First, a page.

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Charges against twin brothers in downtown Hagerstown stabbing upgraded to murder

By Julie E. Greene, The Herald-Mail,


Charges against two homeless twin brothers in a November stabbing in downtown Hagerstown have been upgraded to murder after the victim died almost three weeks later, according to Hagerstown Police.

One of the brothers, Joshua Lee Kohutiak, remained at large Monday, according to Lt. Rebecca Fetchu, spokesperson for Hagerstown Police.

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Police found Octovial Taft with multiple puncture wounds to his chest, back and upper arm/armpit area shortly before 6 p.m. on Nov. 26 when officers responded to the 100 block of East Antietam Street for a reported stabbing, Washington County District Court records state.

Taft was taken by ambulance to Meritus Medical Center near Hagerstown and underwent surgery for his wounds, Fetchu wrote in an email last week.

He was released at a later, but unknown date, Fetchu wrote. Taft returned to Meritus on Dec. 15 and was transferred to University of Maryland Medical Center in Baltimore and underwent another surgery, she wrote.

Taft died during that Dec. 16 procedure, Fetchu wrote. The medical examiner "attributed his death to complications from the initial stabbing," she wrote.

Jacob Leon Kohutiak, 21, and his brother, Joshua, were initially charged with attempted murder.

A grand jury indicted Jacob Kohutiak on Dec. 28, upgrading his charges to include first- and second-degree murder, according to court records. He remained held without bail Monday in the Washington County Detention Center.

Joshua Kohutiak's charges also were upgraded to murder, Fetchu wrote. Joshua's court documents were unavailable Monday because he has not been served with his arrest warrant.

Victim had run-in with brothers near Washington County Free Library

A witness who had been with Taft in front of the Washington County Free Library told police she saw Taft arguing with two males around 4 p.m. on Nov. 26 in front of the library at East Antietam and South Potomac streets, court records state.

The witness told police she wasn't sure what the argument was about, but she was able to separate Taft from the other two men and asked Taft to walk away, court records state.

The woman walked away herself and told police the two males followed and confronted her down the street when she was alone, spitting in her face and then running off, court records state.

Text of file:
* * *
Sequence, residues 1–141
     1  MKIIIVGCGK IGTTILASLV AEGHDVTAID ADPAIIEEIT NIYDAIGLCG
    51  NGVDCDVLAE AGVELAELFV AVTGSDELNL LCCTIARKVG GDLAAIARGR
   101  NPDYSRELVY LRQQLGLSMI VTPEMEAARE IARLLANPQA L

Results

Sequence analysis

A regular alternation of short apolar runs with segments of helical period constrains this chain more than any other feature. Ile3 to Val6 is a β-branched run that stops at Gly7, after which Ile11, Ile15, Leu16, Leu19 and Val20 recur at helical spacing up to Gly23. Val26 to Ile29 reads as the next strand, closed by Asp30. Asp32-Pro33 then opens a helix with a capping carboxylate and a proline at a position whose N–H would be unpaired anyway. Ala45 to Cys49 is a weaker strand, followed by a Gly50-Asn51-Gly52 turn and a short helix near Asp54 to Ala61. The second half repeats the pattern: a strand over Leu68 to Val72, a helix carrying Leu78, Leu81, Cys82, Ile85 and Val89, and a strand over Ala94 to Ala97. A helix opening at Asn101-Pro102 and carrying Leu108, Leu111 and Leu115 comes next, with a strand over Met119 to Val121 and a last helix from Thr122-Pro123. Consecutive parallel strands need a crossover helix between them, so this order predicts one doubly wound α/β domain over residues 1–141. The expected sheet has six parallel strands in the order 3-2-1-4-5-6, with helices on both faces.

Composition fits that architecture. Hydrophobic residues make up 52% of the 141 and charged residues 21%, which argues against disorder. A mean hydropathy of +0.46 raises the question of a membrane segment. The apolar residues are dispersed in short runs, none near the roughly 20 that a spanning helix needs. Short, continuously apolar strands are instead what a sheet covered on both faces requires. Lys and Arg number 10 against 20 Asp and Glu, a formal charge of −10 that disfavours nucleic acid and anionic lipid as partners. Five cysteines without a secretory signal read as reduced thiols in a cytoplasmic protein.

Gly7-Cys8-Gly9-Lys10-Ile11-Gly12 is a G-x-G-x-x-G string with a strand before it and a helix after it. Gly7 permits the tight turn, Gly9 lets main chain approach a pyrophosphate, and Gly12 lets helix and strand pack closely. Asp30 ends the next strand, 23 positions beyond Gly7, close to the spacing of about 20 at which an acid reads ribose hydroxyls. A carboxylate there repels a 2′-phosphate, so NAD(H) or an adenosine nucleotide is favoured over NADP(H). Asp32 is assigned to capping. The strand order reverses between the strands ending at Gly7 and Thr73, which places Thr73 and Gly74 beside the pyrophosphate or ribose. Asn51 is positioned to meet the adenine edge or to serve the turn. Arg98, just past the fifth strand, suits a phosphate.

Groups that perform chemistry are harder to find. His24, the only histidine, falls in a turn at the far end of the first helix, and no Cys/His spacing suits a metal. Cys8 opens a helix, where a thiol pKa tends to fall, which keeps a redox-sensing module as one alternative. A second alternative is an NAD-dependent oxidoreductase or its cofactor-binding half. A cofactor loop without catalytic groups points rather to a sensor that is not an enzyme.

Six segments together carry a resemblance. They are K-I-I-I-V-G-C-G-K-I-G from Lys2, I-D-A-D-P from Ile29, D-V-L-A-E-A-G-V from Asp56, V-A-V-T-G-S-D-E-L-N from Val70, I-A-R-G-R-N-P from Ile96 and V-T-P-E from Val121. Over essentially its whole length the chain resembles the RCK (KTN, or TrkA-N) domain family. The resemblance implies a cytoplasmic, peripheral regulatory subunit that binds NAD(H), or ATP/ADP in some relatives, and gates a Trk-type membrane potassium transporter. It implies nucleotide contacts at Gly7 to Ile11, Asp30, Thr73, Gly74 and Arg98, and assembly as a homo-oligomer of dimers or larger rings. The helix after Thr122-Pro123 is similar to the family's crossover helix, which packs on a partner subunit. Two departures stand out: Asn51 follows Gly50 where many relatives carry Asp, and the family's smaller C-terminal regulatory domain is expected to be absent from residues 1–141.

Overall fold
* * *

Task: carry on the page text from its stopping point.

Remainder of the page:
The female said she met up with Taft again and told him about the males spitting on her, court records state. The two spent the next hour or more hanging out near a wellness and recovery program office about a block and a half down East Antietam Street from the library. She told police they often hung out in that area.

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Taft saw the two males from the earlier argument and told the female he was going to confront them about spitting on her, court records state.

Taft went up the street, where the witness could not see him, court records state. After a short period, she went to where she last saw him and found Taft had been stabbed.

Another witness, a male, told police he saw two males and Taft in a confrontation, and it appeared the two males were "just getting off of Taft and Taft was trying to back away from them," court records state. One of the males got on a bicycle and the other on a scooter as they left quickly, the male witness told police.

Police checked city and private surveillance cameras and saw a physical confrontation between the three men when Taft tries to run out in the street but the other two males hold on to him so he can't get away, court records state. Both males "are actively punching and swinging at Taft," striking him in the head, chest and back multiple times.

Police wrote it was unclear in the video if one or both males had a knife or cutting instrument in hand, but both were seen swinging and striking at Taft in a motion consistent with stabbing, court records state.

The two males pulled Taft to the ground and continued striking him before getting away on the scooter and bike.

One of the cameras captured clear pictures of the men's faces. Library staff were able to identify the two attackers as twin brothers who visited the library almost daily, court records state. Library security talked to the brothers after the initial confrontation in front of the library and staff recommended they file a police report, but the brothers allegedly advised they would "take care of it themselves," according to court records.

Library security identified the brothers as Jacob and Joshua Kohutiak and that they were believed to be homeless, court records state.

Hagerstown Police checked with staff from a local homeless shelter to confirm males in the photos as the Kohutiak brothers.

Editor's Note: This story was updated at 3:19 p.m. on March 7, 2023, to correct the date of the stabbing.

This article originally appeared on The Herald-Mail: Charges against twin brothers in downtown Hagerstown stabbing upgraded to murder

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